Born a bastard child of an unknown father, Aleric finds a place as the Baron's falconer owing to his uncanny ability to communicate with birds of prey. When a forbidden love comes to light, Aleric is forced to join a Crusade to the Holy Land. There he meets the woman known as Pythia, whose fatal kiss curses him with the thirst for blood and sets him on the road to destiny. Clegg's series opener features a vampiric hero whose beginnings in the Middle Ages marks him as a warrior. Action and adventure combine with traditional vampire fiction to create a book that will appeal to fans of vampires and historical fantasy. For most libraries. Copyright 2005 Reed Business Information.
The stunning first volume of a new dark fantasy epic from Stoker-winner Clegg (Nightmare House) gives the iconic vampire a massive makeover and draws fresh possibilities from its most familiar aspects. Aleric Atheffelde, a low-born medieval Breton boy with a strange knack for training birds, gets snared while serving as an unwilling soldier in the Holy Land by arch-vampiress Pythia, who through a kiss inadvertently sparks a vision in him of his regal vampire destiny. From the moment of Aleric's conversion, the tale detours sharply from the well-plowed terrain of conventional vampire costume dramas into an undiscovered country entirely the author's own. Aleric and his new vampire tribe travel to the legendary vampire necropolis of Alkemara, a marvel of gothic creepiness. There they encounter the legendary Priest of Blood, who supplies an intricate and mesmerizing view of vampire culture and projects a tragic future whose outcome hinges on Aleric. This rich and symbol-laden blend of myth and history makes intense reading while it lays a solid foundation for later books in the series. Agent, Simon Lipskar at Writers House. (Oct.) Copyright 2005 Reed Business Information.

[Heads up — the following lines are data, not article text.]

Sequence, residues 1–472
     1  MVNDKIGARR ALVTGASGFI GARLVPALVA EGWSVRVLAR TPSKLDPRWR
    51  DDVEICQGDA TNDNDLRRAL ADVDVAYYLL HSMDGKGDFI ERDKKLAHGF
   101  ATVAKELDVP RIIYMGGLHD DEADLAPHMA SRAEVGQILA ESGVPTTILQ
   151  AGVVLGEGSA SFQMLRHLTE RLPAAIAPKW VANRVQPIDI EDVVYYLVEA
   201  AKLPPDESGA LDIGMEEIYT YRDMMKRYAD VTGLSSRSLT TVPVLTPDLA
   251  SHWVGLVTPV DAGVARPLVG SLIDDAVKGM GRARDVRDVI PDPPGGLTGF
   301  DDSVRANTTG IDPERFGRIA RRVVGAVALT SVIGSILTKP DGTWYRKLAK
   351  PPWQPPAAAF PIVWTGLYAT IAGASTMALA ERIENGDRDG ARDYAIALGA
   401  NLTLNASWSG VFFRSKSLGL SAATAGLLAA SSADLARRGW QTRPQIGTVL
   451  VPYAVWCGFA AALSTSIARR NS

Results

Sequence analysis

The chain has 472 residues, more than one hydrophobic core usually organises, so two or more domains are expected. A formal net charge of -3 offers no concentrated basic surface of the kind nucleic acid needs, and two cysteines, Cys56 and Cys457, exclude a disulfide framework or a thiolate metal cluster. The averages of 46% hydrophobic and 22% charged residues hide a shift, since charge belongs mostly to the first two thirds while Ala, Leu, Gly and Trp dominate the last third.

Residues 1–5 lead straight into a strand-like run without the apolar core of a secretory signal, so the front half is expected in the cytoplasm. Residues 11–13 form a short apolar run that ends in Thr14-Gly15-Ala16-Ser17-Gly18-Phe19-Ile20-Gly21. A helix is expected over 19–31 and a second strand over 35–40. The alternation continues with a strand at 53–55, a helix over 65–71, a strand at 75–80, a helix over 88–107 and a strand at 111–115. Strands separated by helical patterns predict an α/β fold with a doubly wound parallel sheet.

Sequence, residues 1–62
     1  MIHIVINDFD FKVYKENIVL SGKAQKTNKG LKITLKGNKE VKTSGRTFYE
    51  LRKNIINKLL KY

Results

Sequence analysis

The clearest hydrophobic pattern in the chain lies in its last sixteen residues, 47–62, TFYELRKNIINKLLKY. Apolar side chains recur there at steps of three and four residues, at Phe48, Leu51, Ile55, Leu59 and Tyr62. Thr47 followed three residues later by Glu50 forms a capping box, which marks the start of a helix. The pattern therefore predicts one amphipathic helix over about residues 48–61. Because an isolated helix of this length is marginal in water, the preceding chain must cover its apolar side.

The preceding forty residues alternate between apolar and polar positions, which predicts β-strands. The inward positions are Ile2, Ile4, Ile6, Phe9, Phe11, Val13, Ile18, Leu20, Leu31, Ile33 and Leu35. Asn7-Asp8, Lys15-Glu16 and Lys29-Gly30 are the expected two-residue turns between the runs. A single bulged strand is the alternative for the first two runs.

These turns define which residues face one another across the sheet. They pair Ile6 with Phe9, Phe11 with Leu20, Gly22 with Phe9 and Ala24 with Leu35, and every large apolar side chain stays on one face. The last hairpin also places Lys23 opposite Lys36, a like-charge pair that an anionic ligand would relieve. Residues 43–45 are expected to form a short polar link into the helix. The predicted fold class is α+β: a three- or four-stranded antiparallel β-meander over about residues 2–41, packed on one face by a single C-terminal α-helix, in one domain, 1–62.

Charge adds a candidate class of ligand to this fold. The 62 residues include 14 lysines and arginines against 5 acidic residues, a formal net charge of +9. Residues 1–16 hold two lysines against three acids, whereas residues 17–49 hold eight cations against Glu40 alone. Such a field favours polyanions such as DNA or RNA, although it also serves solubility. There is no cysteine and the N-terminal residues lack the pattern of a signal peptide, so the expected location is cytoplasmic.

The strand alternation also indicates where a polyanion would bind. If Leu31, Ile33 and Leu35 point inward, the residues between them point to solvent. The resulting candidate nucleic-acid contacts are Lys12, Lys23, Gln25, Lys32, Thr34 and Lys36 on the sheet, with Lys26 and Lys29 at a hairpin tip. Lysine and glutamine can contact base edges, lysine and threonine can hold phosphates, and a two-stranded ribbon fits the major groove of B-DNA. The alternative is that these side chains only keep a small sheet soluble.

This book will sink its teeth into you. ("Kansas City Star") Stunning...gives the iconic vampire a massive makeover. ("Publishers Weekly", starred review) Clegg's stories can chill the spine so effectively that the reader should keep paramedics on standby. (Dean Koontz)